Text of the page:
The holiday season is the happiest time of year—and often the most expensive. Having the cash at hand to pay for holiday travel, gifts, feasts, decorations and celebrations can be difficult. But indiscriminately throwing your credit around can lead to a new year full of fiscal regret.
The financial experts at Utah First Credit Union want you to have more cheer this holiday season with less credit concern—here a few helpful tips:
1. Choose Your Credit Card Wisely
With so many credit card offers out there, it can be difficult to decide which one is best for you. However, take the time to pick a card that will work for you, not against you. Below are a few pointers:
– Compare both introductory and long-term interest rates.
– Check terms and conditions for information regarding minimum payments, late and over-limit charges and annual fees.
– Choose a card with good balance transfer options if you currently carry high-interest balances.
2. Avoid Flashy Store Offers
Seldom can you get through a checkout line without being offered a store-specific credit card; and they all offer flashy “deals” such as rewards programs or discounts on your first purchase. But these one-time savings offers can cost you big in the long run.
The average annual percentage rate for a store-issued card is at least 5% higher than standard credit cards—and they can be as much as double that of credit cards issued by credit unions. Additionally, store cards frequently set low credit limits, which can mean a hit to your credit score if you make a large purchase. Credit agencies frown on accounts with high-balance-to-limit ratios.
3. Use One Credit Card
Charging holiday expenses to multiple credit cards can cause major headaches later in the year. There are several reasons why:
– Juggling multiple credit accounts can be challenging. Staying on top of several payments, different due dates and unique terms for two or more credit cards can result in poor credit behavior like missed payments and growing balances.
– Minimum payments can add up quickly. The combined total for multiple cards is often exceeds the monthly payment on just one. Also, your payments often go to interest charges rather than paying down balances.
– Multiple accounts/credit inquiries can hurt your credit. Carrying multiple credit card accounts, especially ones with high balance-to-available-credit ratios, can drag down your credit score. Additionally, a spike in inquiries into your credit sends the message to creditors that you may be desperate to obtain credit due to financial mismanagement.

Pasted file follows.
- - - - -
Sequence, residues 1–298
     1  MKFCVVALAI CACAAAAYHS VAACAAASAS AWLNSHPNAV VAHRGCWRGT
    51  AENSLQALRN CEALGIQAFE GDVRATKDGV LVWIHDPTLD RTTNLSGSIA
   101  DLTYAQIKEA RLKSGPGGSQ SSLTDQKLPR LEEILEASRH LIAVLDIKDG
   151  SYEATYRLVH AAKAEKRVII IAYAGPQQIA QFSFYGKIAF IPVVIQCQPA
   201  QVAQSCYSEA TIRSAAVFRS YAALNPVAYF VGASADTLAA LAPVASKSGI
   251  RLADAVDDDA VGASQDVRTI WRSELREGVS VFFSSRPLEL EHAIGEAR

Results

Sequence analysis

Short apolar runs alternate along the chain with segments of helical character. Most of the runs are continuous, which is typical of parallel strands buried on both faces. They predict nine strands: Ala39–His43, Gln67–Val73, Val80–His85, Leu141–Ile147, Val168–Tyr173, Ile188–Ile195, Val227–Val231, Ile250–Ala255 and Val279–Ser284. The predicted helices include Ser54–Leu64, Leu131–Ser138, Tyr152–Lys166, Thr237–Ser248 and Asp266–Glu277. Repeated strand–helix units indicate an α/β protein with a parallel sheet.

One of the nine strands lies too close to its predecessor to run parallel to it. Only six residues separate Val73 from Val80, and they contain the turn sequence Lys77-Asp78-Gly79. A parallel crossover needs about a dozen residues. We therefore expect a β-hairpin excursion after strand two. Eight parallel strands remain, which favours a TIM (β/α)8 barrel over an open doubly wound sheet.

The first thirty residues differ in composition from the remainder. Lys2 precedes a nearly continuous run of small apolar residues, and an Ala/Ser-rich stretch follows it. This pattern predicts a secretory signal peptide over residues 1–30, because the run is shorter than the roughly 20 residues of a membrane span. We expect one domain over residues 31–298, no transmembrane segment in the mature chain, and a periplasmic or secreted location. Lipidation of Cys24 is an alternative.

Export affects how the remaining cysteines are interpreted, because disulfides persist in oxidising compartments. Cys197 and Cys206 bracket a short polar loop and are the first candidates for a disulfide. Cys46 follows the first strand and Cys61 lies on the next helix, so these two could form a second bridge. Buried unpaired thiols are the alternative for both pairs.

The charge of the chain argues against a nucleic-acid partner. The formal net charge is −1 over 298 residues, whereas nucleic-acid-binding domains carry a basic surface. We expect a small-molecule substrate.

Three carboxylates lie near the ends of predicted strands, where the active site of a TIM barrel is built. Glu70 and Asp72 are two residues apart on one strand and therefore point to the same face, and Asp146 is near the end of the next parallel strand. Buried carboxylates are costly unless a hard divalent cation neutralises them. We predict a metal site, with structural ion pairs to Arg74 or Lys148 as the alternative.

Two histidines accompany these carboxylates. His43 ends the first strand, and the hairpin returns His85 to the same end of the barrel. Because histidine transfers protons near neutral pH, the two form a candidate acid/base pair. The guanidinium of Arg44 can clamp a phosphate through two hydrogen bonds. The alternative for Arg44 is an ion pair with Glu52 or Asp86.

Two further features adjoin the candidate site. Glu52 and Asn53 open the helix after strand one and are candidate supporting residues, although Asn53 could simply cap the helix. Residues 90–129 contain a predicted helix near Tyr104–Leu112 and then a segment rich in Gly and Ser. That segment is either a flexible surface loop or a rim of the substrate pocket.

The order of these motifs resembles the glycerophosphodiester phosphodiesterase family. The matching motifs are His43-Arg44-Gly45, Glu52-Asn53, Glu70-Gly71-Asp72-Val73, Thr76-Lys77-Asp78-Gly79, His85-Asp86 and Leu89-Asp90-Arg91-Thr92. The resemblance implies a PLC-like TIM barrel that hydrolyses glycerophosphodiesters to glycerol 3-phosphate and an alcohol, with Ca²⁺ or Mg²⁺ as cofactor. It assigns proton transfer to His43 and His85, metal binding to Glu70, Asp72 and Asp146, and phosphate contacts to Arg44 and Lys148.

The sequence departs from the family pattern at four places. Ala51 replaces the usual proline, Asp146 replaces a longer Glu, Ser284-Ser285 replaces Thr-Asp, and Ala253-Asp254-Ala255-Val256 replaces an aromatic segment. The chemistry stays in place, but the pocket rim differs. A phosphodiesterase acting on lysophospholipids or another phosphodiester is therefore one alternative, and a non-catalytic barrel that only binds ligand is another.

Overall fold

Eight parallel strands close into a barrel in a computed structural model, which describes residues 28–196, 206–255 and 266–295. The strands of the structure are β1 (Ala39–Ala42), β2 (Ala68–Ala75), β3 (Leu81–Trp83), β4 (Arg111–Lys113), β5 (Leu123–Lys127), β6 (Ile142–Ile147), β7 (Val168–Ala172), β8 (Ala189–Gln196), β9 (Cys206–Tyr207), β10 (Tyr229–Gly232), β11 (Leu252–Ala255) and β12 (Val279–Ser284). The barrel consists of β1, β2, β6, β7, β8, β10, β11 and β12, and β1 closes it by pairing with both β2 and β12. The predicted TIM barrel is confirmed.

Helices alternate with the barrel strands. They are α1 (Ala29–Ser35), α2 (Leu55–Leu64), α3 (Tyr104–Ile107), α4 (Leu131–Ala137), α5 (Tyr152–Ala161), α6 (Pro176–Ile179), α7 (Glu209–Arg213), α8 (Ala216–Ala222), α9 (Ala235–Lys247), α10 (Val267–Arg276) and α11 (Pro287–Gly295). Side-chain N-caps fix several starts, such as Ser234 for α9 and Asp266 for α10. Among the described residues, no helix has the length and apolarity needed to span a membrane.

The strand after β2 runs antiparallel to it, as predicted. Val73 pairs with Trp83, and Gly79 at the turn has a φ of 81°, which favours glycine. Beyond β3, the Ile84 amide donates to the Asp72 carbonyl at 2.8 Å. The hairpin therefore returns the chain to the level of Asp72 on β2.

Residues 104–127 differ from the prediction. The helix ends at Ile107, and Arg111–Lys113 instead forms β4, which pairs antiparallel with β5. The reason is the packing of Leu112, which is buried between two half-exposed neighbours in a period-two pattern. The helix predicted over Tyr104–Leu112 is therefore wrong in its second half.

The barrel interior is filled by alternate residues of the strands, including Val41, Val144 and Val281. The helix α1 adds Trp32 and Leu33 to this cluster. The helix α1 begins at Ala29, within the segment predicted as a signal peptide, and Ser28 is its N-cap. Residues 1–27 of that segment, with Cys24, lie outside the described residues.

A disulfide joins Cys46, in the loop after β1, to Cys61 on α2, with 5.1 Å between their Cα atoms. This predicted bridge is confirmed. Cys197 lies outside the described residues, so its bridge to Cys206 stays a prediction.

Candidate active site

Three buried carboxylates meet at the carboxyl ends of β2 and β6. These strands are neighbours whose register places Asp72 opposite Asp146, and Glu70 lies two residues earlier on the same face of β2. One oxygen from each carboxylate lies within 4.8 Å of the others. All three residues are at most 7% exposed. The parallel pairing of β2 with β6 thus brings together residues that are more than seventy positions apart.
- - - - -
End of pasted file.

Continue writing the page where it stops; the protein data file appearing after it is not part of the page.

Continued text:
4. Consider a Balance Transfer
Transferring your high-interest balances to a low-interest card can save hundreds—even thousands—of interest dollars each year. Consider the following scenario: Transferring $5,000 from a credit card with an 18.9% APR to one with a 4.95% APR will save you a whopping $697.50 in the first year alone. That can buy a whole lot of merry.
5. Think Beyond the Holidays
Ask yourself how you will use your credit card in between holiday season. Yes, stuffing those stockings is important, but selecting a card that will benefit you 365 days per year is the best bet. Some questions to ask:
– Does the credit card company take the time to consider my personal situation when determining my eligibility?
– What type of customer service will I receive in the future?
– Have others had a positive or negative experience with this creditor?
If a new credit card is on your holiday shopping list, take advantage of our great 4.95% introductory offer on purchases and balances transfers. (Valid through January 31, 2015). Apply now.
There’s a lot to think about when deciding where to put your money. But if local ownership, personalized service and attention, and commitment to community are important to you, there’s a good chance you’ll want to consider a credit union. But which one? With so many Utah credit...
Life is all about compromise. A concession here and a settlement there; you meet in the middle and move forward with a decision. You might not get everything you want, but you’re happy with the end result because that’s how life works, right? The ability to compromise is a strength,...
We’ve all been there before – that moment at the checkout counter when you swipe your card with one hand and cross your fingers with the other, hoping that you have enough funds to cover the purchase. If you don’t have overdraft protection, the transaction could get declined. And...